# Thread: Idempotent Matrix

1. ## Idempotent Matrix

I would love some guidance on how I should approach this question:

Question: If A is an idempotent matrix of order n, show that $\displaystyle (I+A)^n = I+(2^N-1)A$

2. Originally Posted by sparky
I would love some guidance on how I should approach this question:

Question: If A is an idempotent matrix of order n, show that $\displaystyle (I+A)^n = I+(2^N-1)A$

Hints:

1) Show that $\displaystyle \displaystyle{\sum\limits^n_{k=0}\binom{n}{k}=2^n}$ ;

2) As I, A commute with each other, $\displaystyle \displaystyle{(I+A)^n=\sum\limits^n_{k=0}A^k=I+A\s um\limits^n_{k=1}\binom{n}{k}=}$ ...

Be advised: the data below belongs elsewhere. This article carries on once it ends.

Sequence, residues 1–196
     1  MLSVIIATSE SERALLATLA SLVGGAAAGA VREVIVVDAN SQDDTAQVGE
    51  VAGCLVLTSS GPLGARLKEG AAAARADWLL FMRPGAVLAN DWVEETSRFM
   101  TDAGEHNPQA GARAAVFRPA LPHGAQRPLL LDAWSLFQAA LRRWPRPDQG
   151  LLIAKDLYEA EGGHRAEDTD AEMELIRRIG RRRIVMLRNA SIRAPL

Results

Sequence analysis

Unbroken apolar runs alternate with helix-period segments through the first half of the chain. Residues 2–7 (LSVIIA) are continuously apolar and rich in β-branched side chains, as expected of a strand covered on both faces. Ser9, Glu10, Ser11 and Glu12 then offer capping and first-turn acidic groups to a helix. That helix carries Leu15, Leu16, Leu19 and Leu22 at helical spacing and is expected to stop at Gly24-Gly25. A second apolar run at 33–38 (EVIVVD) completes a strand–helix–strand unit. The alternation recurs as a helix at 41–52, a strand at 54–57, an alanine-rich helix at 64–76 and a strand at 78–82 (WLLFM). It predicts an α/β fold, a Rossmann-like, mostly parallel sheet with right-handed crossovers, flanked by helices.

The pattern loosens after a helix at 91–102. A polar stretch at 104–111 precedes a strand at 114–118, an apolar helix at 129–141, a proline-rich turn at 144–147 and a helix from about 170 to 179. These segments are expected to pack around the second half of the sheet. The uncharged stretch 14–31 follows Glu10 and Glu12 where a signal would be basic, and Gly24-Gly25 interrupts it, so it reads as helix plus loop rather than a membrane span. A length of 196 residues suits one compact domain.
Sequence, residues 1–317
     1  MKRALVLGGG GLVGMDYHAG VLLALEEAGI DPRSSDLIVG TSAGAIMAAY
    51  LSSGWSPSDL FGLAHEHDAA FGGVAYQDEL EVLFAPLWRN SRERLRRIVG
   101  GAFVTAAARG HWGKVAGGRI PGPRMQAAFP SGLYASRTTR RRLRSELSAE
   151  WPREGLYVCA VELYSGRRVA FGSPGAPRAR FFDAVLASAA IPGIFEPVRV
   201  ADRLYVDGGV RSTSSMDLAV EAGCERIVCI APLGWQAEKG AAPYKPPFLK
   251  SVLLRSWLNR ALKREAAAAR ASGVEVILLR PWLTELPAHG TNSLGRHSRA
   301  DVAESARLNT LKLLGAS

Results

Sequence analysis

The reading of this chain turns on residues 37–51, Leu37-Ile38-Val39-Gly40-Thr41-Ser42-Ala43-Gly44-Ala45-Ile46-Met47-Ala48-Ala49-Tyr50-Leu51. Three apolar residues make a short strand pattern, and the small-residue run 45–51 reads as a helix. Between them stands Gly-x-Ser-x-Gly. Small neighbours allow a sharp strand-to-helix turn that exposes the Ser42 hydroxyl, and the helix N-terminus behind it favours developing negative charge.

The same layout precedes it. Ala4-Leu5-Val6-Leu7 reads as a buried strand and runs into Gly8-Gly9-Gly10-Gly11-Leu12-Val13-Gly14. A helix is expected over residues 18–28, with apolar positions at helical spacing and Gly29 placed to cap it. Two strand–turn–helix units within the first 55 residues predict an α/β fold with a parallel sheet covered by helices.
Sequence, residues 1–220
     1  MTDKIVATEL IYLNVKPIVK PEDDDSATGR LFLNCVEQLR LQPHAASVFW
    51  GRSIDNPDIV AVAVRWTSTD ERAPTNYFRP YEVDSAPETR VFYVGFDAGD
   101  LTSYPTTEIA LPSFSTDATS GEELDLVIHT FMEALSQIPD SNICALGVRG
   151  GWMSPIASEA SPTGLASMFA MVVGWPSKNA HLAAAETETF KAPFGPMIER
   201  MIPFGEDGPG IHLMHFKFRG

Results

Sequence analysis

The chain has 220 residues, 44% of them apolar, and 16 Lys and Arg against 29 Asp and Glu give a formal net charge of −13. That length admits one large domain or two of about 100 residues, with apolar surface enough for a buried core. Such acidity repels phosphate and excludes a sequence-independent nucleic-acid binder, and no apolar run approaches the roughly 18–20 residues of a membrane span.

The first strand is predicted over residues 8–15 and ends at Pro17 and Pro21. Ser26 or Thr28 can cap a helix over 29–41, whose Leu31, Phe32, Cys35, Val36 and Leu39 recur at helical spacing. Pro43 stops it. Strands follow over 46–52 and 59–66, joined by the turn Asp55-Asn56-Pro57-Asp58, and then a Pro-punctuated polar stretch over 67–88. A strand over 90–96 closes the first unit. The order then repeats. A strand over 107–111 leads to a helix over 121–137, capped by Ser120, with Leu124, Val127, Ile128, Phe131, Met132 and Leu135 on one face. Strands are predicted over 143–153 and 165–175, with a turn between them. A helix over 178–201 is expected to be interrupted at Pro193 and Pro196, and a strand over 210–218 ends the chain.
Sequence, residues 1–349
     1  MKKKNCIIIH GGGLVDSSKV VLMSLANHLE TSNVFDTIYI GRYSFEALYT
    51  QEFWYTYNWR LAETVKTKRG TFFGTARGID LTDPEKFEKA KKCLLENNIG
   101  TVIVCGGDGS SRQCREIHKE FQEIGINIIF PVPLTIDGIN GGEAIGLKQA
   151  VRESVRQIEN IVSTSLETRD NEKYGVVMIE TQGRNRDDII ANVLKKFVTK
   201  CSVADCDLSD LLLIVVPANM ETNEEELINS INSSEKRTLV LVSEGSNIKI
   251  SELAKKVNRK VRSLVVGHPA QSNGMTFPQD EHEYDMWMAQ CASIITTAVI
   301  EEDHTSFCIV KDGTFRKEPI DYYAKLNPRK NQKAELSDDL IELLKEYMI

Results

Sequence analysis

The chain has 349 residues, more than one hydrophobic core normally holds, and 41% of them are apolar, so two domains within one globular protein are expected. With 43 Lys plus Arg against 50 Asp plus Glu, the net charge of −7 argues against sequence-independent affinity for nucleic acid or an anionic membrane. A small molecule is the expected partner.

Tonio

3. Thank you for your reply Tonio.

I am still trying to figure out how to show in your first point.

Here is what I understand so far:

A matrix $\displaystyle A$ is said to be idempotent if $\displaystyle A^2=A$

4. Originally Posted by sparky

I am still trying to figure out how to show in your first point.

Here is what I understand so far:

A matrix $\displaystyle A$ is said to be idempotent if $\displaystyle A^2=A$

Well, understanding definitions is important but it's hardly enough for this problem...

Further hint:

Newton's Binomial Theorem: For any pair of commuting elements a,b in a ring and for

any natural n, we have that $\displaystyle \displaystyle{(a+b)^n=\sum\limits^n_{k=0}\binom{n} {k}a^{n-k}b^k}$

Tonio